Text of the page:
Also indicative of the fact that force, orders, or instructions are required in order to satisfy the "direct and immediate control" element (see Burdinie, 139 Ill. 2d at 526-27) is our supreme court's recent decision in Doe, 161 Ill. 2d 374, 204 Ill. Dec. 274, 641 N.E.2d 498. In that case, the plaintiff alleged that a police officer owed a special duty where the officer, responding to a call, refused to break down a door while a girl was being sexually assaulted inside. Doe, 161 Ill. 2d at 382-83. The court found that the officer did not owe a special duty because the "direct and immediate control" element was not met. Doe, 161 Ill. 2d at 387. In part, the court found that this was because the officer did not "order" the children to remain in the house. Doe, 161 Ill. 2d at 387. Thus, without the presence of force, orders, or instructions, the "direct and immediate control" element cannot be shown.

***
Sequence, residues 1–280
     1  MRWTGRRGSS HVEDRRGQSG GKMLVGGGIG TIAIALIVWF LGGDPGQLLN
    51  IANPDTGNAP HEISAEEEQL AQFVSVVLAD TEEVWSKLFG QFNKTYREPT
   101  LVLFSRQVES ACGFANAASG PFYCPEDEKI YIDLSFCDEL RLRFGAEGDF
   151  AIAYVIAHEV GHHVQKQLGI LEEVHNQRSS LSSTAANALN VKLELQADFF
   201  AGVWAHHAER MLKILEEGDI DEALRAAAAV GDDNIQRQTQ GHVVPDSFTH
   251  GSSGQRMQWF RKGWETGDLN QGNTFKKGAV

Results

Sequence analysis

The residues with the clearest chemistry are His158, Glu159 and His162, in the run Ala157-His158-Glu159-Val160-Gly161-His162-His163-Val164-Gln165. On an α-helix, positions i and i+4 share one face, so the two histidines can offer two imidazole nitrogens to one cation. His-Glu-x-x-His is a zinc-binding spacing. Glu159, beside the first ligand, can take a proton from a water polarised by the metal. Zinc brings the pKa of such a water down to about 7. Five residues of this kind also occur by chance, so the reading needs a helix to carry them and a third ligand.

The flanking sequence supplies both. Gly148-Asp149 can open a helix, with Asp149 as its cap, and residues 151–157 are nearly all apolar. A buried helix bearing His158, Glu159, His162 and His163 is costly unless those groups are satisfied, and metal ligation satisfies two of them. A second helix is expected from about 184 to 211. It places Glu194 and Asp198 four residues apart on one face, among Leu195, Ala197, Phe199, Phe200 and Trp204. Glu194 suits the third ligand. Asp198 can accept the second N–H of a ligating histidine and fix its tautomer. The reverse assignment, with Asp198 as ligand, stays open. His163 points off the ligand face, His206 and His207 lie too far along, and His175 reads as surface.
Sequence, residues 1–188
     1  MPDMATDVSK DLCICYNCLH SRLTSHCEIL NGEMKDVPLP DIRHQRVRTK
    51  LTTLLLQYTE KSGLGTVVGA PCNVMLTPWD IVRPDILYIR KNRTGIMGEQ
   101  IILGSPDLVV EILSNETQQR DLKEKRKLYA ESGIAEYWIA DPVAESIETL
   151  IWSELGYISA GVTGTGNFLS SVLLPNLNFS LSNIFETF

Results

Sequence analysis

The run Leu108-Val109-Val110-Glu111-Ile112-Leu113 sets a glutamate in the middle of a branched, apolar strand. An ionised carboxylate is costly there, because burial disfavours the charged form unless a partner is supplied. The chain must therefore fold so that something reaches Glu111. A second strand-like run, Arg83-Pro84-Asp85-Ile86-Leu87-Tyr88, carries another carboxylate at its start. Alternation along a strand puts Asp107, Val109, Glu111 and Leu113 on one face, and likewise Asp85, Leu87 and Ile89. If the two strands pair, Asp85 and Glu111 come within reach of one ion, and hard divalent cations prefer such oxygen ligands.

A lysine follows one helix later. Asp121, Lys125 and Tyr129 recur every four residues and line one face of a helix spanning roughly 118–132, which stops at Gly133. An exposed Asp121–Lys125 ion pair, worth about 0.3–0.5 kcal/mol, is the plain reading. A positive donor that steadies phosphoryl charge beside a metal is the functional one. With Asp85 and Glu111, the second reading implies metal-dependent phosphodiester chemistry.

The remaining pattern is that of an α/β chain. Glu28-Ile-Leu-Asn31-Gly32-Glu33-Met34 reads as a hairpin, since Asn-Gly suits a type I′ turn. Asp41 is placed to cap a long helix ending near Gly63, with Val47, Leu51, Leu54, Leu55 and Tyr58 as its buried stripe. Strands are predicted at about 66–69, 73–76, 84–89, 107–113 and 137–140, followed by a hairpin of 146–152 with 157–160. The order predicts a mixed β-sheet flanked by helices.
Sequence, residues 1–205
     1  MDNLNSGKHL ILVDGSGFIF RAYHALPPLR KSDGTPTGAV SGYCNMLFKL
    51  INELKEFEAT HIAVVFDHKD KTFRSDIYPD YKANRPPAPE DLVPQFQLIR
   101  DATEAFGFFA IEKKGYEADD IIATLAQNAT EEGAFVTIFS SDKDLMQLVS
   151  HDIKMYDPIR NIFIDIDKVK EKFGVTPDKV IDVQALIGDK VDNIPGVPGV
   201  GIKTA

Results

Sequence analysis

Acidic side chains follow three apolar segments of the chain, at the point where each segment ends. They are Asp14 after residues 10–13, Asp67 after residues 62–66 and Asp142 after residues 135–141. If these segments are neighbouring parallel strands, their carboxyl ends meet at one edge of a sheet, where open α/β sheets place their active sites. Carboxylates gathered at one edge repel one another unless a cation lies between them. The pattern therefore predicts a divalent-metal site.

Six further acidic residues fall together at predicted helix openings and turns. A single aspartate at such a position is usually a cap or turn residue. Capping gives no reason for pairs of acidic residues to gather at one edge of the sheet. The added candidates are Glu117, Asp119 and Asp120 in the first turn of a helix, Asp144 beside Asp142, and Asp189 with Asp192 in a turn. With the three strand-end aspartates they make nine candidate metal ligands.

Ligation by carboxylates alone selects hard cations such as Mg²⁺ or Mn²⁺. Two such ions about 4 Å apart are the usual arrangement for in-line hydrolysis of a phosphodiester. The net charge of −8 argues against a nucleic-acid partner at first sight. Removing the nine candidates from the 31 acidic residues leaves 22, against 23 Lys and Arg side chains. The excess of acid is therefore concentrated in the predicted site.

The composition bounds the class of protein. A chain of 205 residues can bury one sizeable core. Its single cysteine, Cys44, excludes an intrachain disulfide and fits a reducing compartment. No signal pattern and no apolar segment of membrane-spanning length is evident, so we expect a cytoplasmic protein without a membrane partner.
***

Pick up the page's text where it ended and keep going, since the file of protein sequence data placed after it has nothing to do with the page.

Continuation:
Consequently, because the Park District did not initiate its relationship with Joseph and no agent of the Park District forced, ordered, or instructed Joseph to run into the street, we determine that the trial court did not err in finding that the direct and immediate control element of the special duty doctrine was not met.

Because we determine that two of the required elements of the special duty exception are not present in the case at bar, we need not discuss the other elements thereof.